Exxon Mobil Corp. (XOM) is developing a plan to excavate the portion of a pipeline that leaked thousands of barrels of oil into a residential neighborhood in a small Arkansas town Friday afternoon.
The move is a step toward assessing the damage to the line and determining what caused it to rupture, an Exxon spokesman said.
The pipeline remained closed and some 22 Mayfower, Ark., homes remained evacuated Monday as crews worked to clean up the oil that flooded parts of the neighborhood. The U.S. Environmental Protection Agency categorized the incident as a "major spill," which means more than 250 barrels were released.
Exxon has said a few thousand barrels have been observed in the area, but it has prepared a response suitable for a release as large as 10,000 barrels, to be cautious.
The company's plan to dig out a portion of the pipeline, buried about two feet underground, will have to be reviewed by the U.S. Department of Transportation, Exxon said Monday.
The spill has reignited debate about the safety of the U.S. pipeline network. The pipeline was carrying heavy Canadian crude from Patoka, Ill., to refineries along the Texas Gulf Coast. Environmentalists have seized upon the incident to reassert their opposition to the proposed Keystone XL pipeline, which would deliver large volumes of crude from Canadian tar sands to the Gulf Coast.
Exxon's pipeline had once shipped Gulf Coast crude north to the Chicago area but was little used when the company decided to reverse the flow in 2006 to carry Canadian oil. The leaking section of pipeline was built in the late 1940s but passed a high-pressure test in January 2006 and an internal inspection in July 2010 done by a piece of equipment that measures for metal loss or other anomalies, according to Exxon Mobil officials.
U.S. crude oil futures prices fell Monday on concerns that the closure of the 95,000 barrel-a-day pipeline will cause bottlenecks in the middle of the country, such as at the Cushing, Okla. terminal that is the delivery point for the Nymex crude oil futures contract. Exxon has not said when it will be able to restart the line.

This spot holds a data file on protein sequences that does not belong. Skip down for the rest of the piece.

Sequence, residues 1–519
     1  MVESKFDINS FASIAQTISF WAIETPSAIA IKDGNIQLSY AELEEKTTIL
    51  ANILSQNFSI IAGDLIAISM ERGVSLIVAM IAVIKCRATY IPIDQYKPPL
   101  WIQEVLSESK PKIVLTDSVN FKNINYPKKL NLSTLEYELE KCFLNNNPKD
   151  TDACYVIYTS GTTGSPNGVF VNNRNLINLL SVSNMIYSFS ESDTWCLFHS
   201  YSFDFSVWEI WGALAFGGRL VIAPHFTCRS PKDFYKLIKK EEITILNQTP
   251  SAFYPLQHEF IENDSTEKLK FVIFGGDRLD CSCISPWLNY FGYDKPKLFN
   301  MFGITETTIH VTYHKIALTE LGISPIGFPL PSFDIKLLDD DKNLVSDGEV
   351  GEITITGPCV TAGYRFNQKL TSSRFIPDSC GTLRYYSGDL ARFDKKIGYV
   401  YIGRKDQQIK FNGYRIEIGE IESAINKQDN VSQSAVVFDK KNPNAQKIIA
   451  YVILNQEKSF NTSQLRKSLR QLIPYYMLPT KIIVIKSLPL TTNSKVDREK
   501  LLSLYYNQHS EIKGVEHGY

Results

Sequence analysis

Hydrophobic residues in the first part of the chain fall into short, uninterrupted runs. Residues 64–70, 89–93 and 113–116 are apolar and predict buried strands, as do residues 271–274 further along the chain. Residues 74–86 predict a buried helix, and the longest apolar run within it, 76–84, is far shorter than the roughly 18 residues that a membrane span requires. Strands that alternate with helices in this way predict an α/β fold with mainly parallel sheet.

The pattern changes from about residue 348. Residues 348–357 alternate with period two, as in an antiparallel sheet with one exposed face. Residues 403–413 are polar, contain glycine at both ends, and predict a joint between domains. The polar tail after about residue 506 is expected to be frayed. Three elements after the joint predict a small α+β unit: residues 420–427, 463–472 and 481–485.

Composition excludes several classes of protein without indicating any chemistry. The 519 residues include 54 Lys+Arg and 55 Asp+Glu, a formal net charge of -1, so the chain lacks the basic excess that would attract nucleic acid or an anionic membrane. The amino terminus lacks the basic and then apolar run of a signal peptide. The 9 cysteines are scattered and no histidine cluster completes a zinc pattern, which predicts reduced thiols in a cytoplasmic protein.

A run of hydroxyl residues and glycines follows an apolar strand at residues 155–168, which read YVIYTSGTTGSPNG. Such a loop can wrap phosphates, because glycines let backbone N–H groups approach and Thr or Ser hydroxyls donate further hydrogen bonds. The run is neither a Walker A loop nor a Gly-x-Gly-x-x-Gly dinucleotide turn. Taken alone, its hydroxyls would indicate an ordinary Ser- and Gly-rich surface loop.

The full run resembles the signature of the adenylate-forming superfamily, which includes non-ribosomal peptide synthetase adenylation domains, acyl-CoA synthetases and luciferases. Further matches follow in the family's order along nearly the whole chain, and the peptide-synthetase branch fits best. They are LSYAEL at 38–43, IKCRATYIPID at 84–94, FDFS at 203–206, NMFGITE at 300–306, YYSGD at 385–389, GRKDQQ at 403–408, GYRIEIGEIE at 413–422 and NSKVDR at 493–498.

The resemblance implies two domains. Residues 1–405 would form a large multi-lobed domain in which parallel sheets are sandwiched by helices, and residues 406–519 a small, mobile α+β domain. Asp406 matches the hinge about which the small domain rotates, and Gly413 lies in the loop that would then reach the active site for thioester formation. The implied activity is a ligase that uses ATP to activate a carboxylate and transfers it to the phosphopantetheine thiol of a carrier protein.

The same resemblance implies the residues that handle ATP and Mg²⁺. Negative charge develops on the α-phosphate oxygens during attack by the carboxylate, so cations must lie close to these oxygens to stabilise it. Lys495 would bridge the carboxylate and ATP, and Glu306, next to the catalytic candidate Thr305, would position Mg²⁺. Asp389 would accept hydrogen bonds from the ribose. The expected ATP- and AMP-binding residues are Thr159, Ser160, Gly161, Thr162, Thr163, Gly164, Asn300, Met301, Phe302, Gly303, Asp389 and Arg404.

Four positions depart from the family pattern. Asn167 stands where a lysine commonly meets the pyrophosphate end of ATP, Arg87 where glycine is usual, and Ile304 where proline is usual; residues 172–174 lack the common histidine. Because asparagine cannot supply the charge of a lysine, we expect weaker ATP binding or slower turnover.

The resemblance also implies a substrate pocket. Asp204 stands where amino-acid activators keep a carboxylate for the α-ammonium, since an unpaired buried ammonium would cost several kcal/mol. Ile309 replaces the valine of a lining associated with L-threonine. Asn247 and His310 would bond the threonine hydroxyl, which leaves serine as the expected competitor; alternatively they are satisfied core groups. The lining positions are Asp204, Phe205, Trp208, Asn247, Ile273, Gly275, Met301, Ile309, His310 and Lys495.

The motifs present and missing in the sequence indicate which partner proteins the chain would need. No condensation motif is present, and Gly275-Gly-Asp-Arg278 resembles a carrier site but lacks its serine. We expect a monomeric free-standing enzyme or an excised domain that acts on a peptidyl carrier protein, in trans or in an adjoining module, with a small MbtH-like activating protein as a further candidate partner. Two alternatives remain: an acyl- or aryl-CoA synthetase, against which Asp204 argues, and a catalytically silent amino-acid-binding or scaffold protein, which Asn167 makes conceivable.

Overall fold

Mayflower, a town of fewer than 3,000, is in Faulkner County, about 25 miles northwest of Little Rock, Ark. Faulkner County Judge Allen Dodson said the streets of the subdivision were being steam cleaned Monday to remove oily residue still stuck to the surface. Freestanding oil in yards was being sucked up, and oil-soaked leaves were being cleared, he said.
Exxon said Monday that it has 120 workers in the area and has deployed 15 vacuum trucks and 33 storage tanks. So far, 12,000 barrels of water and oil have been recovered. Oil has been held back from reaching a nearby Game and Fish Commission lake.
Mr. Dodson said a timeline for residents to return to their homes is still in the works, but should be more clear in the next day or so.
"I'm optimistic," he said. "Folks who just had oil run by on the street are going to be able to return sooner than folks with oil in their yards."
And, he said, the fumes in the air have started to clear.
"To the untrained nose, it has greatly improved. It smells better than if you were just paving a road," he said.
Delane Finton, who lives a few doors down from the evacuated homes said she hadn't known how close the pipeline was to her home despite having lived there for seven years. She said she was out of town when the spill occurred and heard about it from neighbors before returning to find her once-quiet neighborhood buzzing with activity.
"I look out my window and I see yellow suits, helicopters flying over, there's trucks parked one right after the other," she said.
Ms. Finton said much of the oil seems to have been cleared from the streets, but an area between two houses is "totally black. It's just saturated into the ground."
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